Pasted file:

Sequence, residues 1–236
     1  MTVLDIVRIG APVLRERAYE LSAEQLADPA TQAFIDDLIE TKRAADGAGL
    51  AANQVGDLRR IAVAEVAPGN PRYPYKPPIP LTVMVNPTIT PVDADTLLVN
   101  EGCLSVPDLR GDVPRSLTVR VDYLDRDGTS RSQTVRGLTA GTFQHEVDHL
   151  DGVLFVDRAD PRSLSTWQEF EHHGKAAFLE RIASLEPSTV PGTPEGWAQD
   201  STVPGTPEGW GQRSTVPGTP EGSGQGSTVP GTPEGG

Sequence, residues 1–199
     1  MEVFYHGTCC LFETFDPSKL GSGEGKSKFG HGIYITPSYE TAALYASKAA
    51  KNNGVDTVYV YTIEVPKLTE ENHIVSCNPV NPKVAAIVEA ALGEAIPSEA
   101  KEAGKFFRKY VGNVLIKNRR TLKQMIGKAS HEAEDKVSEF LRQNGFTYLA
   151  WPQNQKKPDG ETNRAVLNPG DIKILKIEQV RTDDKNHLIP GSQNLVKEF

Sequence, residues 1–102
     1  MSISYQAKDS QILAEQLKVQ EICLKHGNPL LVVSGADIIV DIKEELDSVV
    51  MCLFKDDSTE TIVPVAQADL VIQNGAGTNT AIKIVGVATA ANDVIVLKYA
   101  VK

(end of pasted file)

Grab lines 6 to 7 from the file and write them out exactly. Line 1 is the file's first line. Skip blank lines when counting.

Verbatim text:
   201  STVPGTPEGW GQRSTVPGTP EGSGQGSTVP GTPEGG

Sequence, residues 1–199